$1 million

That's about how much has been cut from the amount of money Pharrell Williams must pay to to Marvin Gaye's family for his role in producing the hit "Blurred Lines." Co-written with Robin Thicke, the song was found to have borrowed too liberally from Gaye's hit "Got to Give It Up." But don't expect this to be the end of the line (blurred or not). As the BBC reports, Williams and Thicke are expected to appeal the decision yet again.

$90

That's about how much John Lupo, a wholesale baker in White Bear Lake, Minnesota, says he pays for what used to be a $26 pail of liquid eggs. Why the sudden spike in price? With bird flu hitting the commercial egg industry hardest, bakers like Lupo find themselves paying more for their usual supplies. Adding insult to injury, even though the price of cartons of whole eggs hasn't spiked as high as that of liquid eggs, cracking the number of eggs needed to run a large-scale bakery isn't a practical option.

17-25

That's the age range of employees Starbucks is looking to hire at its first franchise in sub-Saharan Africa. Slated to open in 2016, the Johannesburg location is part of the company's goal to cater to the growing middle class. But it won't be without competition. As the BBC reports, Krispy Kreme also plans to open about 31 locations in South Africa over the next five years, not to mention the numerous local coffee shops that already exist in the area.

A German show faces a Greek audience

Tue, 2015-07-14 13:00

The last place you'd expect a group of German performers to put on a show right now is Athens, given the German government's hard line approach to the Greek debt crisis. Germany, it is safe to say, is not Greece's most favored nation.

Indeed, there is a great deal of anti-German feeling here at the moment — though it must be said, most of it is aimed directly at the country's leader, Angela Merkel, and her finance minister. But a small theater group called She She Pop chose this week, of all weeks, to make its Greek debut.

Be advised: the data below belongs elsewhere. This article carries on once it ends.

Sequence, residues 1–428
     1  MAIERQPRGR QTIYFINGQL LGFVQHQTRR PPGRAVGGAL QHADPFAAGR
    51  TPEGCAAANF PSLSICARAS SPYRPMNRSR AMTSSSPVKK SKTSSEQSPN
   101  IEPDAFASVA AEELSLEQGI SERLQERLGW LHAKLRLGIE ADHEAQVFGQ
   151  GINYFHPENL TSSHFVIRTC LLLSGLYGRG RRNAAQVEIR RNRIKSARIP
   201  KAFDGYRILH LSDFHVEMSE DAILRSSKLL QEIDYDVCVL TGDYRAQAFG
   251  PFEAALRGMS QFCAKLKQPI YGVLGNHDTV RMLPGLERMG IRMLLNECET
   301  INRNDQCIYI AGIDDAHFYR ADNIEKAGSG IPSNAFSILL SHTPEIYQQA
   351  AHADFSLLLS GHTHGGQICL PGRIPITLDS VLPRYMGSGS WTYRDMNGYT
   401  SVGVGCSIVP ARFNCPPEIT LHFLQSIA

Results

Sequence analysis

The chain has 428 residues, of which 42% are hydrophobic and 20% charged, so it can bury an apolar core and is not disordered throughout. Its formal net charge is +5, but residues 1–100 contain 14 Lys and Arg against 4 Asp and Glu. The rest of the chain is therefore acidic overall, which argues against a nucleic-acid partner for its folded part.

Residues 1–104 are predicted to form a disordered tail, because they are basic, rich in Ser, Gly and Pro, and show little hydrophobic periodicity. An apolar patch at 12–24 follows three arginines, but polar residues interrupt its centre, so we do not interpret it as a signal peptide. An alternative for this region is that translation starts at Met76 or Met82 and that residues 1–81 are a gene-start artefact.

She She Pop is an all-female German group performing offbeat shows about social issues. It's been highly popular at alternative venues across Europe. But Lisa Lucassen, a member of the group, admits a certain nervousness about coming to Athens: "And I thought about putting some place on my body the sentence: 'I didn't vote for her.'"

"Her," meaning Merkel.

The actresses expected at least the occasional boo. But Wenke Seemen, another member, said they have not encountered any hostility from the audiences. And off stage, only the odd barbed question: "'Why is your government acting like that?' And I could only explain my personal point of view."

Seemen does not agree with Germany's position in the debt talks, "not at all."

These women are not flag-waving German nationalists. Ask Wenke about her own national identity, and she says, "I am...a European."

"A European rather than a German?" I ask.

"Rather than a German. Right."

Greece's economic outlook, from the streets of Athens

Tue, 2015-07-14 13:00

Although immediate danger of an economic collapse has passed, Greece and its people have a long way to go before things feel comfortable, or even normal.

In Athens, the attitude about Greece’s future is a mixed bag. There are citizens like Olga Karastathi, on the one hand. Karastathi opened up Chemin Bakery in Athens just as Greece was getting into economic trouble despite the turmoil, and she’s still optimistic.

“We don’t have any profit, but we keep going and hoping for the best,” she says.

For Karastathi, staying in Greece was never up for debate. 

“I don’t want to leave, I want to stay and try to make things better,” Karastathi says. 

Nick Voglis, owner of Trends Subs and Salads in Greece, shares Karastathi’s optimism. He was abroad for 20 years before coming back to Greece 16 years ago.

“I came here to create this into a franchise,” Voglis says about Trends Subs and Salads. “Unfortunately we were not able to do this.”

Voglis says that his restaurant has downsized significantly in the past several years: “Our business has fallen since the peak of 2007 by about 40 to 50 percent. We are barely making money.”

Still, he too remains optimistic that things can return to a level of stability in Greece.